R v University of Cambridge

By | 4th May 2017

R v University of Cambridge

R. v. UNIVERSITY OF CAMBRIDGE (DR. BENTLEY’S CASE) (1723) STRA 557

Vortescue, J.:
“The laws of God and man both give the party an opportunity to make his defence, if he has any. I remember to have heard it observed by a very learned man upon such an occasion that even God himself did not pass sentence upon Adam before he was called upon to make his defence. Adam (says God) where art thou? Hast thou not eaten of the tree whereof I commanded thee that thou shouldst not eat? And the same question was put to Eve also.”

R v University of Cambridge

JUDGMENT OF THE COURT

SAMATTA, C.J. :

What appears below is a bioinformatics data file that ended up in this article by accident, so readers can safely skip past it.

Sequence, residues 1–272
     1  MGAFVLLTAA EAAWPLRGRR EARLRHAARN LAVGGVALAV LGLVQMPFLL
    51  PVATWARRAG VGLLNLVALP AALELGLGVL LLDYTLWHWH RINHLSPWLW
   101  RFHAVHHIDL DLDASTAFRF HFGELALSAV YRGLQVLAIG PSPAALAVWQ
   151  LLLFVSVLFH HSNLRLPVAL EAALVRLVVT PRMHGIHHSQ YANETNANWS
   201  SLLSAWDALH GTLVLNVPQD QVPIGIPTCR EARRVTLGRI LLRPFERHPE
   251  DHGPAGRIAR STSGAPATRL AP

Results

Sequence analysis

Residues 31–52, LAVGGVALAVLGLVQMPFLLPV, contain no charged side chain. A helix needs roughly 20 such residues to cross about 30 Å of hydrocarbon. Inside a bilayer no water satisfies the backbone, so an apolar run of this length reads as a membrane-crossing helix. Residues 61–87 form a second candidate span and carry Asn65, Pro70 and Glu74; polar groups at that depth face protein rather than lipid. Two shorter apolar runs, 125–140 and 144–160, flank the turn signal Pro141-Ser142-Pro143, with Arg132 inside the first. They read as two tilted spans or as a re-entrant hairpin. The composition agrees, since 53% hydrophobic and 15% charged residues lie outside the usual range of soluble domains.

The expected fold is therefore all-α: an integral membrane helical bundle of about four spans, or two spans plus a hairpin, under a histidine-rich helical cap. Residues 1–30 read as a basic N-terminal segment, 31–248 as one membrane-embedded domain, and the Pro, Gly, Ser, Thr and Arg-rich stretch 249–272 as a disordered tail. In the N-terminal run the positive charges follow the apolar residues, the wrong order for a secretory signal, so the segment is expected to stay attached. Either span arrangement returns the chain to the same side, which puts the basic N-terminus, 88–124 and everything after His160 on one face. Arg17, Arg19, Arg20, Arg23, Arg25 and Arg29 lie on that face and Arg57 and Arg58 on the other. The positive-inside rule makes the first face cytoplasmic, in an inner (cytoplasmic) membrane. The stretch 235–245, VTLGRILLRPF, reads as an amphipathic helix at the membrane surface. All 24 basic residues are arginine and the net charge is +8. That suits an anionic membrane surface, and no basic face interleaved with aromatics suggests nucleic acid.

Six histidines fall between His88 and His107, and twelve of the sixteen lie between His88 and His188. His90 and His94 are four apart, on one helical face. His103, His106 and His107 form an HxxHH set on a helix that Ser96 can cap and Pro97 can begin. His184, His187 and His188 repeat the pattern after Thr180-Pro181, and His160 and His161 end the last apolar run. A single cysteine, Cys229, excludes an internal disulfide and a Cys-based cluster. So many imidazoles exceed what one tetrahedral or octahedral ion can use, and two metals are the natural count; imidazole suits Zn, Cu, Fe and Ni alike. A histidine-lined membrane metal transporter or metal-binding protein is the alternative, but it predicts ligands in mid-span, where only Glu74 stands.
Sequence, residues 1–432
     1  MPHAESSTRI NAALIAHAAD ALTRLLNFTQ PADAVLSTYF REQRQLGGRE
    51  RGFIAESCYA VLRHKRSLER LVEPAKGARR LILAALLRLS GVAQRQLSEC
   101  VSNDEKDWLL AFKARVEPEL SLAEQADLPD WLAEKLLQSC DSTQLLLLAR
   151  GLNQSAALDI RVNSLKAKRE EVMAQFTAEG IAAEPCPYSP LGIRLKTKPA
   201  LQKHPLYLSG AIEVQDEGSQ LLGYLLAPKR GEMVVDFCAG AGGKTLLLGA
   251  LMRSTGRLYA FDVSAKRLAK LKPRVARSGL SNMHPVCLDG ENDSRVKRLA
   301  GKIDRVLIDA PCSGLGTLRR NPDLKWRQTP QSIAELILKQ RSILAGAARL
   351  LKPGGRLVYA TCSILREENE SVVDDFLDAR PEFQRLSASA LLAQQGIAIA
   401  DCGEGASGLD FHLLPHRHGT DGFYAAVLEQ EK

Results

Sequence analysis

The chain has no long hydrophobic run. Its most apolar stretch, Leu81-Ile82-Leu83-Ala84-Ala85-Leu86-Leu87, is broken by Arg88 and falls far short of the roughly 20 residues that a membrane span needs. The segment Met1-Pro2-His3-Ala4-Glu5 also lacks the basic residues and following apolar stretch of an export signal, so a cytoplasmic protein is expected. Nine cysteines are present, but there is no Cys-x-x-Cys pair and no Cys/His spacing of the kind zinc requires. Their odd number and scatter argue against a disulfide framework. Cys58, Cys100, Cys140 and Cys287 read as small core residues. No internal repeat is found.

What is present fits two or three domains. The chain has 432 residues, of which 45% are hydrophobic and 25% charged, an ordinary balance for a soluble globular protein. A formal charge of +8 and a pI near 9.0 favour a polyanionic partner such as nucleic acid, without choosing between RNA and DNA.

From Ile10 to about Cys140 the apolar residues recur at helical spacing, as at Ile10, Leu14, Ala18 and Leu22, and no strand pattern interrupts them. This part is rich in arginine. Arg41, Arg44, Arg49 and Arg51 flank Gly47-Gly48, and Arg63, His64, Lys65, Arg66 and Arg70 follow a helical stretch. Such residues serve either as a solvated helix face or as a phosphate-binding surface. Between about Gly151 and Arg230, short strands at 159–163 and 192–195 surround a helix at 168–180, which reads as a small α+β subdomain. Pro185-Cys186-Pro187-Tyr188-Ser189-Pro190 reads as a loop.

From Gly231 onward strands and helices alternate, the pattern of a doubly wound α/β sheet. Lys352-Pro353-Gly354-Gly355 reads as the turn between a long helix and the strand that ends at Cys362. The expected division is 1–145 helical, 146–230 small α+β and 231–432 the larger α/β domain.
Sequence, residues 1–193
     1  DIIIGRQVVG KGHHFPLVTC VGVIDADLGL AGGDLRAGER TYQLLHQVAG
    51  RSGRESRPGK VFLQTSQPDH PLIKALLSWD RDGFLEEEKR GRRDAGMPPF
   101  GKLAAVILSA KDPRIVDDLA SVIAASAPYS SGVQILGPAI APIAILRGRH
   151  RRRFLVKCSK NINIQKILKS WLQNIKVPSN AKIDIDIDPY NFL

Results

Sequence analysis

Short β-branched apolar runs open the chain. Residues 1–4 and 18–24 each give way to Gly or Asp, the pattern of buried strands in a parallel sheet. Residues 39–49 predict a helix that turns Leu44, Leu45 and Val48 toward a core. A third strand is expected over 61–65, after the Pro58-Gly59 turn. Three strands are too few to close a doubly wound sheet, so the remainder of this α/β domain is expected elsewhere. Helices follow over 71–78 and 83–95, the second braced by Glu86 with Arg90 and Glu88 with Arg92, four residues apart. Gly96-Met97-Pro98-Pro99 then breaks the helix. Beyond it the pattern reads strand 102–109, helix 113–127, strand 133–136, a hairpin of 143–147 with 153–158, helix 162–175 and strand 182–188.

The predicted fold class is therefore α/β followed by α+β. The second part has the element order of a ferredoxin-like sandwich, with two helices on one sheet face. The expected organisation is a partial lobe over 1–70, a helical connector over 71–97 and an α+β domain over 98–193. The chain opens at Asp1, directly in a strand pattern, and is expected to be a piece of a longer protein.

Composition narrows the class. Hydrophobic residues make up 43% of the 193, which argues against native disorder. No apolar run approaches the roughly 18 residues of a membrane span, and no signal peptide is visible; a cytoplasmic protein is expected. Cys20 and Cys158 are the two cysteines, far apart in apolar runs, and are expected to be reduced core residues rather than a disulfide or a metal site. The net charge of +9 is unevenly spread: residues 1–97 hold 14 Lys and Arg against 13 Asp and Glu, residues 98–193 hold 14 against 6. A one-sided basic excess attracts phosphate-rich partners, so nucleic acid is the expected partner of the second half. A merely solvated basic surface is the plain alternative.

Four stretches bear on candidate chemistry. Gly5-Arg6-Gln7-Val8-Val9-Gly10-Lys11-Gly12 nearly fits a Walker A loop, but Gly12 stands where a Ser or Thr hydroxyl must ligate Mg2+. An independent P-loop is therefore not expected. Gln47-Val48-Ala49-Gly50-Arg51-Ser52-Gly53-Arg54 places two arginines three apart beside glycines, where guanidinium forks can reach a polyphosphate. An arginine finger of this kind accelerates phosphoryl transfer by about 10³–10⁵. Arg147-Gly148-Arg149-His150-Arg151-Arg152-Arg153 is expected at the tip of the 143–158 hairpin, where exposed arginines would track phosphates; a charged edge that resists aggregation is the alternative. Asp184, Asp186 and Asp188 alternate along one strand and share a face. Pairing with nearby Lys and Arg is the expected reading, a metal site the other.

This is an appeal from a decision of the High Court (Chipeta, J., as he then was) affirming, while exercising revisional jurisdiction, a conviction for uttering words with the intent to wound religious feelings. The appellant, Hamisi Rajabu Dibagula, had been convicted of that offence by the District Court of Morogoro, which sentenced him to 18 months’ imprisonment. The learned Judge set aside that sentence and substituted therefor such sentence as was to result in the immediate release of the appellant from custody. The appeal raises one or two questions of considerable public importance concerning the limits, if any, of the right to freedom of religion, guaranteed under Article 19 of the Constitution of the United Republic of Tanzania, 1977, hereinafter referred to as “the Constitution.”

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